For Serious Business Training, Nothing Beats Computer Games - InformationWeek

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2/23/2009
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For Serious Business Training, Nothing Beats Computer Games

Cost savings and better retention are behind growing adoption of "serious gaming" for business training.

Game play shows the effects of the player's choices on a simulated business, its partners, and its customers, says Boinodiris. A version 2.0 upgrade to be released in May supplements courses in BPM, Corporate Strategy, and Operations and IT Management, adding new simulation scenarios covering supply chain, traffic management, and call center processing. The smart supply chain scenario teaches students how to optimize costs and improve efficiency while also capturing "green" concerns. The smart traffic scenario is aimed at government planners of traffic infrastructure and congestion management, and it teaches the use of emerging tracking technologies such as RFID tags. The call center scenario teaches smart customer service focusing on customer retention and other key metrics. User avatars navigate a virtual space populated by a collection of typical corporate characters, encountering and solving business puzzles and problems.

"IBM is big on using customer stories to drive software development," says Sandy Carter, IBM vice president of SOA and WebSphere strategy, channels and marketing. She cites online vendor Zappos.com as one of many IBM customers that influenced Innov8 development, adding that the 2.0 release takes BPM training simulation "from a university setting into the business mainstream." The upgrade is to be supplied at no cost to selected business customers as well as to the company's academic affiliates. The new version will be downloadable, replacing the current CD distribution, with an online version programmed using Flash.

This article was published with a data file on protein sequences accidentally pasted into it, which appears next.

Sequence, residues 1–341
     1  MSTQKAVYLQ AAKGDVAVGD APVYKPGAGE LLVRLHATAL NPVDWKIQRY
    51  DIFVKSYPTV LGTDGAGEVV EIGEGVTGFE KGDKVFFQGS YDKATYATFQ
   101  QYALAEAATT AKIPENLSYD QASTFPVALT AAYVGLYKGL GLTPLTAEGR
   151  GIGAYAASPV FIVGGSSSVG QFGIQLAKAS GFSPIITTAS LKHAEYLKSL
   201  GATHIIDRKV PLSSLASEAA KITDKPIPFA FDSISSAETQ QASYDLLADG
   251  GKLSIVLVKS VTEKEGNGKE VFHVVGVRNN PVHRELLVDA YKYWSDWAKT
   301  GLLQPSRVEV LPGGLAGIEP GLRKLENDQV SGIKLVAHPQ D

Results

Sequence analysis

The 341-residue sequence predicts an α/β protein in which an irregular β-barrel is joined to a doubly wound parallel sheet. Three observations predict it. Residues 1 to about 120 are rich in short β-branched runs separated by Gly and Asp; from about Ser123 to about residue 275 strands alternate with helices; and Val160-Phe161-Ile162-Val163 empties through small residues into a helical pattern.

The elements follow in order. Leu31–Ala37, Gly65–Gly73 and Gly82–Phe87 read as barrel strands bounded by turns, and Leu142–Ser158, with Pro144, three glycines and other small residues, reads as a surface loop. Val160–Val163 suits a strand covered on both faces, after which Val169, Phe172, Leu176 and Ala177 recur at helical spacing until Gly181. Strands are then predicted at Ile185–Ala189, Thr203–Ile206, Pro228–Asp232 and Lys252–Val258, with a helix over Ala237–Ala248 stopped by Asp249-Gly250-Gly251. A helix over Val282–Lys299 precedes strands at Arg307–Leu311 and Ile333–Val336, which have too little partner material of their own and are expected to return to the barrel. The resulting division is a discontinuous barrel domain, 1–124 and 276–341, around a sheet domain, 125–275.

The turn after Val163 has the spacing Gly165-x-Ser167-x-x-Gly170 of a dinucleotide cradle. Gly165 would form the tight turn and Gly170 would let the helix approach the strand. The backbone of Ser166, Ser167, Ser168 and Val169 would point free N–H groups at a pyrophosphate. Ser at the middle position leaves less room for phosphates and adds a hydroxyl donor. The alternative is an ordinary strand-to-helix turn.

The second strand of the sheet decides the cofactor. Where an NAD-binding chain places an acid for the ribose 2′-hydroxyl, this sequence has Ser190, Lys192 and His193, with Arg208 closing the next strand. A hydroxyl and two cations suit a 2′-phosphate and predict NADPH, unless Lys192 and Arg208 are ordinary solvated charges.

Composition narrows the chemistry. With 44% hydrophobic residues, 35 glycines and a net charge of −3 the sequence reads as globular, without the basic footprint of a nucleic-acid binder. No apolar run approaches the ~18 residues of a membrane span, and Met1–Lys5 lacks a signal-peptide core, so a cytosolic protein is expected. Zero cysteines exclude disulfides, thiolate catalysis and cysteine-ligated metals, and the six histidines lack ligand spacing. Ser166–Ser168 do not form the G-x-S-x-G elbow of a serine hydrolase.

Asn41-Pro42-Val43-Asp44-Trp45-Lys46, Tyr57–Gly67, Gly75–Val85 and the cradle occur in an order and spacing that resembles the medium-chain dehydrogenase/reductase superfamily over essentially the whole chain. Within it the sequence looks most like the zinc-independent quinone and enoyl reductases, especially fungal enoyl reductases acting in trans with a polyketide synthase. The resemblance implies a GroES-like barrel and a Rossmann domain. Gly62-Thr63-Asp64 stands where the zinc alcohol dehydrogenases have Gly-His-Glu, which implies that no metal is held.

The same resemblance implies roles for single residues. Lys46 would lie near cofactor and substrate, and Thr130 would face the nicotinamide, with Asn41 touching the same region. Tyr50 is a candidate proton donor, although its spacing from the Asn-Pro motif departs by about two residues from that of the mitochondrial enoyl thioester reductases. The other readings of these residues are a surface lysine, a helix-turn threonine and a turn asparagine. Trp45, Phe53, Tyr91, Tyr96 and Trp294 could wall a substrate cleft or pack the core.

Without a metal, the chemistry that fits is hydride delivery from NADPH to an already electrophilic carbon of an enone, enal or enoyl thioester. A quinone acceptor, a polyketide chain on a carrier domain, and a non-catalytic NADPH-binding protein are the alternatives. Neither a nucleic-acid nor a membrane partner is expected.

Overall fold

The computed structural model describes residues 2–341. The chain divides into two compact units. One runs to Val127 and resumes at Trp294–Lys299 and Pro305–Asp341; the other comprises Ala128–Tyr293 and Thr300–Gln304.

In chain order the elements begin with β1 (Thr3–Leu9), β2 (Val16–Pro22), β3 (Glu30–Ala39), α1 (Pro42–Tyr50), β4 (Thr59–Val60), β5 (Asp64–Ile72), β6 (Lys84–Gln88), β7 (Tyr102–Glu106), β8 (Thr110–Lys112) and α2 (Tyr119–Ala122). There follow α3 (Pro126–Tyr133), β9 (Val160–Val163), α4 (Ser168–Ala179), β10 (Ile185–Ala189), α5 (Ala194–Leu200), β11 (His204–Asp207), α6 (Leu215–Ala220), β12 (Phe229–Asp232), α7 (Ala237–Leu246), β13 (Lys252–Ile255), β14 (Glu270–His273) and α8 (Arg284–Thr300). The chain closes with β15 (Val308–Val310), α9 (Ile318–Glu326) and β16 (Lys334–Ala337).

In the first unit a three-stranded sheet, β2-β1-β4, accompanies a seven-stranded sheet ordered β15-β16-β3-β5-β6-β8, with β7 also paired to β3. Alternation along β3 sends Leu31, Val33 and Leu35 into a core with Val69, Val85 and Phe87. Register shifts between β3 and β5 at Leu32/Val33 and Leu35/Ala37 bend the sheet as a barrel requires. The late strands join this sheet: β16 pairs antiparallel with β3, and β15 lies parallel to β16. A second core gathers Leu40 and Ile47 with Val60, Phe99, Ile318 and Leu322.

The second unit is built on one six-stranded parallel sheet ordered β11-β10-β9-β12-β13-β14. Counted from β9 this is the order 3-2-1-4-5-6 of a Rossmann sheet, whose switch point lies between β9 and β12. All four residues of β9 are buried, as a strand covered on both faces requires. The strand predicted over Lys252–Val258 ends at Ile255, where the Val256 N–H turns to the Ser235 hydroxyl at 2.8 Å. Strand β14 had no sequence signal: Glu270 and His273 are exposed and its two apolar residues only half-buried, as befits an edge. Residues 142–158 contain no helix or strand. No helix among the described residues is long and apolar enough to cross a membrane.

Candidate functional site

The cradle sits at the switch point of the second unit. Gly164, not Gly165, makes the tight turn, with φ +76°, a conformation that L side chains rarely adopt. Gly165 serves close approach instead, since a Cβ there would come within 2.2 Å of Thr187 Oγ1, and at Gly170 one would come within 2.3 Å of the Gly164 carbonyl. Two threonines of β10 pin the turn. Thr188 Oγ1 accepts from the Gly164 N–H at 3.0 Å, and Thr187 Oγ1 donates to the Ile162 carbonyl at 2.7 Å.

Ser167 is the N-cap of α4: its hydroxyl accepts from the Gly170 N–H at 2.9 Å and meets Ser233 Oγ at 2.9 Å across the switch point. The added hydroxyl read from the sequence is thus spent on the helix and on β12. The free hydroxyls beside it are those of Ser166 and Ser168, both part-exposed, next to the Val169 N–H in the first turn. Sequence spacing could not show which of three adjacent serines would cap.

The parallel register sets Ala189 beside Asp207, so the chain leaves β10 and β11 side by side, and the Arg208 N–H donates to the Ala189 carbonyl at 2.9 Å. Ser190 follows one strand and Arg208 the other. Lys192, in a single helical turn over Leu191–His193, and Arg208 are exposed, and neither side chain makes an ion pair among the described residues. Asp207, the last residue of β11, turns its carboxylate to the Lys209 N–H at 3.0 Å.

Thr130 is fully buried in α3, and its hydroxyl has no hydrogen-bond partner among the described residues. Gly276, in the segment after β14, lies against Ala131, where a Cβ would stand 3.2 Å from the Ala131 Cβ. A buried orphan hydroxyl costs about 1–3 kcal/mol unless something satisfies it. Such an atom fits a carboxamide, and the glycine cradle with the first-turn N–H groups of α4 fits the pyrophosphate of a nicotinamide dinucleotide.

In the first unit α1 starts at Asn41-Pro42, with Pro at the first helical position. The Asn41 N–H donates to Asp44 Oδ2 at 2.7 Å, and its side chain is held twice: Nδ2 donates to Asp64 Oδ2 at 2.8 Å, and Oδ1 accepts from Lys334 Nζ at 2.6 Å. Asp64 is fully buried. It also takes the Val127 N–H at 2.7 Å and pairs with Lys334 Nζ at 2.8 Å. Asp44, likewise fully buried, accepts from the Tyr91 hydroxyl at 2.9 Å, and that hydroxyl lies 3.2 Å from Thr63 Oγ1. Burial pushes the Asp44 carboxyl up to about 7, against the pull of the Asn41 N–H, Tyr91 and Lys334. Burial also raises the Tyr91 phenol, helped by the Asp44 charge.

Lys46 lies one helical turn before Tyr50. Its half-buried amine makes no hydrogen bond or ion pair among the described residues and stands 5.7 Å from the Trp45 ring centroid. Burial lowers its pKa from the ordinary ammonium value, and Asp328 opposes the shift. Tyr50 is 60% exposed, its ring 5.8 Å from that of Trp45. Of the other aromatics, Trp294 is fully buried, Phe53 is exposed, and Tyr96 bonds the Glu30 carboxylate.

Here you go.

American Public Media's 'Budget Here' game lets participants choose how they would balance government priorities.
American Public Media's 'Budget Here' game lets participants choose how they would balance goverment priorities.
(click image for larger view)
IBM is one of many developers of learning games, and BPM is only one of many areas of application. American Public Media's online Budget Hero game, developed in cooperation with the Woodrow Wilson International Center for Scholars, is an entertaining and instructive government budgeting simulation that anyone can try (click on the "Budget Hero" screen shot at right).

More than 160,000 people have played Budget Hero, according David Rejeski, director of the Wilson Center's Foresight and Governance Project. An analysis of nearly 15,000 player sessions concludes that Budget Hero provides "a new way of engaging the public on serious and complex public policy issues," Rajeski says. "That engagement can tell us important things about how people are thinking about these issues."

A key point is that the cost of reaching people drops inversely to the number reached, "which changes the economics of engagement," Rajeski concludes. It's a case where the software model has big advantages over the fixed-cost model, and that's the big reason why corporate adoption of gaming is on a fast track. Given training-cost savings, expanded reach afforded by computerization, and demonstrated effectiveness, serious games have a promising future in the enterprise.

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